Good railways at the right speed and price cut into internal air travel. This has been shown time and time again. Thus China Southern Airlines, the nation’s biggest domestic carrier, is showing good sense in its decision to expand overseas flights in anticipation of a high-speed rail network causing traffic to decline on about a quarter of its internal routes.
Chairman Si Xianmin said, at a conference in Beijing, that traffic may fall by more than half on 518 of the carrier’s weekly flights. Of the airline’s 160 domestic routes, 38 will compete directly with high-speed railway lines.
Note this is already happening. China Southern’s traffic on flights between Beijing and Taiyuan in Shanxi province fell about 60% after a high- speed rail link began operations, Si said. There was a 30% decline on Shanghai-Wuhan trips, he said.
He said, “This will force us to expand overseas routes, on which we still have some competitive edge. It will eventually cause an impact on the global aviation industry.”
The differences between the two experiences are dramatic. With rail you do not go through all that check in nonsense nor yet security. And the station is normally in the center of town.
Given parity of pricing — and rail promises to always be cheaper than air —- you can work on the basis that a journey has to be over 500 km before air has the advantage, possibly much further. An example: a five-hour rail trip from Shanghai to Beijing, for instance, will probably be about RMB700 ($103), or about 60% of the price asked for the two-hour flight. But to that two hours flight time must be added at least an hour at each end dealing with the airport.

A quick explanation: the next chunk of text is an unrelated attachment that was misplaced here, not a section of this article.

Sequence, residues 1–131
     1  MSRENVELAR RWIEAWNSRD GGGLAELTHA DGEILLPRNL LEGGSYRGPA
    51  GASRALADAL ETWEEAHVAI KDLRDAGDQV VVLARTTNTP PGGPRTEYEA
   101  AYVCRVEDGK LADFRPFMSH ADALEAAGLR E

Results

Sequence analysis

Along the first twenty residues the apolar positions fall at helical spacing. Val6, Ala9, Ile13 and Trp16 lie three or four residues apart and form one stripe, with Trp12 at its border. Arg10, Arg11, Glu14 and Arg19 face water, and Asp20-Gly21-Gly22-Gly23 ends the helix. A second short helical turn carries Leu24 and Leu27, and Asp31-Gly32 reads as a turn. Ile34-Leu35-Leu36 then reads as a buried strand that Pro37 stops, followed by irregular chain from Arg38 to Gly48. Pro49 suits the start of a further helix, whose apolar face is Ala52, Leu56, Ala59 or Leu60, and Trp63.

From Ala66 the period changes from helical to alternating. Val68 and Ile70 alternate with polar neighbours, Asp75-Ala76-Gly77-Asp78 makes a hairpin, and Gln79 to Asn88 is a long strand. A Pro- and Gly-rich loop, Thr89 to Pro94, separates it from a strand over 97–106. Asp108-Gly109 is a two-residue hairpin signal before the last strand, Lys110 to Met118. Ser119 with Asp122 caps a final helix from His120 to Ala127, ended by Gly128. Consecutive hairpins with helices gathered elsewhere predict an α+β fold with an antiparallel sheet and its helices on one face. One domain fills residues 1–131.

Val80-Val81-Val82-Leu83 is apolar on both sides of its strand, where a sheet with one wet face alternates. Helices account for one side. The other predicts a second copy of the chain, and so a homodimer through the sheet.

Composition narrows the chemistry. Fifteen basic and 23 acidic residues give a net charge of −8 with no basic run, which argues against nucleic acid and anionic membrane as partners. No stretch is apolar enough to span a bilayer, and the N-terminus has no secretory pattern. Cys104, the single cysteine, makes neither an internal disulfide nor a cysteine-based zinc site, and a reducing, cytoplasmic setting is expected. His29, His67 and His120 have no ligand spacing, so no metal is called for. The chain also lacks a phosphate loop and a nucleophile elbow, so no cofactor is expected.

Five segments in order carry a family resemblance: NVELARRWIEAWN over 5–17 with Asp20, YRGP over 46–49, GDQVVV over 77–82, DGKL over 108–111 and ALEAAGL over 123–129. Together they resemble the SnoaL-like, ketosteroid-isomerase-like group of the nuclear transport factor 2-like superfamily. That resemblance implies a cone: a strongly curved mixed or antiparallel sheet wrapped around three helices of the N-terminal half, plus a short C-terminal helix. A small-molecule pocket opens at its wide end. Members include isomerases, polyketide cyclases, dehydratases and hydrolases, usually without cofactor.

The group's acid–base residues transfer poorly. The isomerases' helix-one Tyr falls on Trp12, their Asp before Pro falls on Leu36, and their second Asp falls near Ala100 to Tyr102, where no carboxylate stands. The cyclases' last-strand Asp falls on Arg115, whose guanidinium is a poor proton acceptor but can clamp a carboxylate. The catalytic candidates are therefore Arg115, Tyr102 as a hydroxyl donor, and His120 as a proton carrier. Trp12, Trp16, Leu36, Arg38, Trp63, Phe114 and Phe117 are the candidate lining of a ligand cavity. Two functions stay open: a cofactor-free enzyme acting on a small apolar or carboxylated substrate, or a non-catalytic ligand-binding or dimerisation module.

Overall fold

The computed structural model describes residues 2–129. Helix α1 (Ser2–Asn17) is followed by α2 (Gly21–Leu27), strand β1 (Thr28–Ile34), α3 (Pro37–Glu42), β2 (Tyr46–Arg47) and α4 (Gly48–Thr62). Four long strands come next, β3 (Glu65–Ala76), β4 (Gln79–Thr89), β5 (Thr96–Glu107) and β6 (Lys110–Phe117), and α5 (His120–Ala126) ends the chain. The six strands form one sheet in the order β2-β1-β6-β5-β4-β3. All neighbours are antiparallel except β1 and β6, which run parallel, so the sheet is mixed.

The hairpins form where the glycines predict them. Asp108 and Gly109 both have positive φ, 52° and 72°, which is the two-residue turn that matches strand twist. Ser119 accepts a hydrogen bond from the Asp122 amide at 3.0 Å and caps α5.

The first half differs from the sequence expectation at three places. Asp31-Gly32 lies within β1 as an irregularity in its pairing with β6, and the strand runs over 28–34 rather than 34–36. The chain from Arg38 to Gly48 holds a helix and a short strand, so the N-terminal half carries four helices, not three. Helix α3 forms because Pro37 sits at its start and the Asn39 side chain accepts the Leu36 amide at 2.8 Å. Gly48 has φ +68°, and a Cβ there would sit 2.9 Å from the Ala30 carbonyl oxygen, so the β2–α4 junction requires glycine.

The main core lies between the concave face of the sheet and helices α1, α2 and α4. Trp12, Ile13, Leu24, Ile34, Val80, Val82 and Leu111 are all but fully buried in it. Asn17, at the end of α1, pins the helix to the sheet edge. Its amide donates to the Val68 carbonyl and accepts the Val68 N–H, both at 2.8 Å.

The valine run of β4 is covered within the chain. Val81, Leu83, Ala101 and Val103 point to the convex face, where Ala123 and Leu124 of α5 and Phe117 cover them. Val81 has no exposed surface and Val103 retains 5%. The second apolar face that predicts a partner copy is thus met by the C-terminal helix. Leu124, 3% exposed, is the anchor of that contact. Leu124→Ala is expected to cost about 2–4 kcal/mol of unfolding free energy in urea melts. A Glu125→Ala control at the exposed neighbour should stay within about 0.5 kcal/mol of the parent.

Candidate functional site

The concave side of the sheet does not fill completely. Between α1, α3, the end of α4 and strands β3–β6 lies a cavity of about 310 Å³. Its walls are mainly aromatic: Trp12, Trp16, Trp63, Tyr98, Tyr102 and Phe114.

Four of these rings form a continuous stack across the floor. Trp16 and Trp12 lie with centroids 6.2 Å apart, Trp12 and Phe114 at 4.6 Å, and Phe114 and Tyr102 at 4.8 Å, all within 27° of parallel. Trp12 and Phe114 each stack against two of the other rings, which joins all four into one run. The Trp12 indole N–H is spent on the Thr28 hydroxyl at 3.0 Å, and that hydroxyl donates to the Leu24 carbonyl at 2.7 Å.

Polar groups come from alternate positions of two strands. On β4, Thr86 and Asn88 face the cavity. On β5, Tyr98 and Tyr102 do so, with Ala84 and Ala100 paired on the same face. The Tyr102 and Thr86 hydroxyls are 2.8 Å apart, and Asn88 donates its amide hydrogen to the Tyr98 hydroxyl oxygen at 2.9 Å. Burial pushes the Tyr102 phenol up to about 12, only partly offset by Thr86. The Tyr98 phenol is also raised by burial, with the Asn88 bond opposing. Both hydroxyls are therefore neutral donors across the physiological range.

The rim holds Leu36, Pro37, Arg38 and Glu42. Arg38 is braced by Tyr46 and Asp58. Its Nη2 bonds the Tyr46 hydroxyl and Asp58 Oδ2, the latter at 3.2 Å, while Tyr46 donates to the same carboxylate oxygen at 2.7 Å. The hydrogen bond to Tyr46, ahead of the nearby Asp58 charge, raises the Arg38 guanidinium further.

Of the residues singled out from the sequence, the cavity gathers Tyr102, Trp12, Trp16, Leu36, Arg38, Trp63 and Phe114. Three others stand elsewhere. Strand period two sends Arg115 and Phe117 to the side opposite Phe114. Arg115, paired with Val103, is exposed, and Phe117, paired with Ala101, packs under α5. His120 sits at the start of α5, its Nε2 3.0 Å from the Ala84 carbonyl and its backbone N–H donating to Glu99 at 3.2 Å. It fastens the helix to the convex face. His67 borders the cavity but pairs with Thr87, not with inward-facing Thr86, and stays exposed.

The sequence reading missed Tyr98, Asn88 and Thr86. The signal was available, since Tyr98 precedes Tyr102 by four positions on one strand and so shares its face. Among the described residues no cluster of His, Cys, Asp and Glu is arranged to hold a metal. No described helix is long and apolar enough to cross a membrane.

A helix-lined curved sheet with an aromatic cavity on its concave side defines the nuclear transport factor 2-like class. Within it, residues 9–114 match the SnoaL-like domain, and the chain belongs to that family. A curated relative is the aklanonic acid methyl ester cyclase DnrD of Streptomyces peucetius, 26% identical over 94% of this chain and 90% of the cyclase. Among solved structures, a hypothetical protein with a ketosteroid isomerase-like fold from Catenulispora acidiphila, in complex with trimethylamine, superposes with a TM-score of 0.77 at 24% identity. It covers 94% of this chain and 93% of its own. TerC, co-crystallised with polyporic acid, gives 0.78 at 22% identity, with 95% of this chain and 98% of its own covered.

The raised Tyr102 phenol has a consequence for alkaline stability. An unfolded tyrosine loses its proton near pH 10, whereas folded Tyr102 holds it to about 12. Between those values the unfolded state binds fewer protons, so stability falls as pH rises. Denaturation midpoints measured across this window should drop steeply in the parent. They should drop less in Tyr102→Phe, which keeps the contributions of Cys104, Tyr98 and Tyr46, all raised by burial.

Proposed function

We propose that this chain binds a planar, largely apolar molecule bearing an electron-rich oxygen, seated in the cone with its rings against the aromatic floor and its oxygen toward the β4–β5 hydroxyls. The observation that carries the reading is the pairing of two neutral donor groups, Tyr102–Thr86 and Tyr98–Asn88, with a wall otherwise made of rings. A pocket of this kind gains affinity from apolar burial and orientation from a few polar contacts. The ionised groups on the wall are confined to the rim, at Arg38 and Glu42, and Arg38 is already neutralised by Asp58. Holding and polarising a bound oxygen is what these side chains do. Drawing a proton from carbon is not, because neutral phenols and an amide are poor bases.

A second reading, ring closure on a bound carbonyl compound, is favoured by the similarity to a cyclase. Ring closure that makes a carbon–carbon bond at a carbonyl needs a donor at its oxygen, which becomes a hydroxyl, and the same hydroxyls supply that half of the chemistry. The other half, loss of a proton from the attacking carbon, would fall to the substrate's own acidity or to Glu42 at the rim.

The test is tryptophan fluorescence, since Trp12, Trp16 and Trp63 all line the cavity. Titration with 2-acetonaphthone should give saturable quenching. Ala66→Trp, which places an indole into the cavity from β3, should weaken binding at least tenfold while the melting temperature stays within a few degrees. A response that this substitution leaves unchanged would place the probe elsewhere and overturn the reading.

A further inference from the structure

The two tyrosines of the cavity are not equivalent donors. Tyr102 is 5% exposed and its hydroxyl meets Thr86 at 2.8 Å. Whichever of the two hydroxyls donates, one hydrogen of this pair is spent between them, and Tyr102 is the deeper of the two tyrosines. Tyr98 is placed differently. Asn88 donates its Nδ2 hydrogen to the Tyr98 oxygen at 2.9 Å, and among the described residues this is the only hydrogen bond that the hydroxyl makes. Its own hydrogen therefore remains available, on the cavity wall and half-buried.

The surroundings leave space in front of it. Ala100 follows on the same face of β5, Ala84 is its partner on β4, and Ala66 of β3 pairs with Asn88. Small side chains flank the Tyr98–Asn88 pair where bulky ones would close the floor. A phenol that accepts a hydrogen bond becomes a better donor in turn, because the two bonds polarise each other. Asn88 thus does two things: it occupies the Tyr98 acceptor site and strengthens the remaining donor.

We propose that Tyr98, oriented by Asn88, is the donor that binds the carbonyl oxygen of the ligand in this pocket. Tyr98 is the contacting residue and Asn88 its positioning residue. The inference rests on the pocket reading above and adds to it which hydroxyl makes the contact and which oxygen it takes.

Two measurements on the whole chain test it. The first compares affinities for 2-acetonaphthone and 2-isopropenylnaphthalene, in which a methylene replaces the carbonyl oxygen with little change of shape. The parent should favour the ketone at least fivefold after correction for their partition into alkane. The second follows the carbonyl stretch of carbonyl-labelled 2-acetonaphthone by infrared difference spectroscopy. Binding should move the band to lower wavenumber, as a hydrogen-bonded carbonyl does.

The new rail network, due to be completed by 2020, will offer a cheaper and pleasanter alternative on routes covering about 80% of China’s domestic aviation market.
Which means for Chinese air carriers the only possibility of expansion will be overseas. To be effective there it has to totally change its approach to inflight cabin service, which is pretty close to the bottom of the scale.
Bloomberg reports that Chairman Si Xianmin said, “Airlines will lose all their current competitiveness, like saving time. What’s more, the high-speed trains haven’t reported any fatal accident in the past more than four decades. That’s definitely a plus for passengers considering a trip by air or rail.”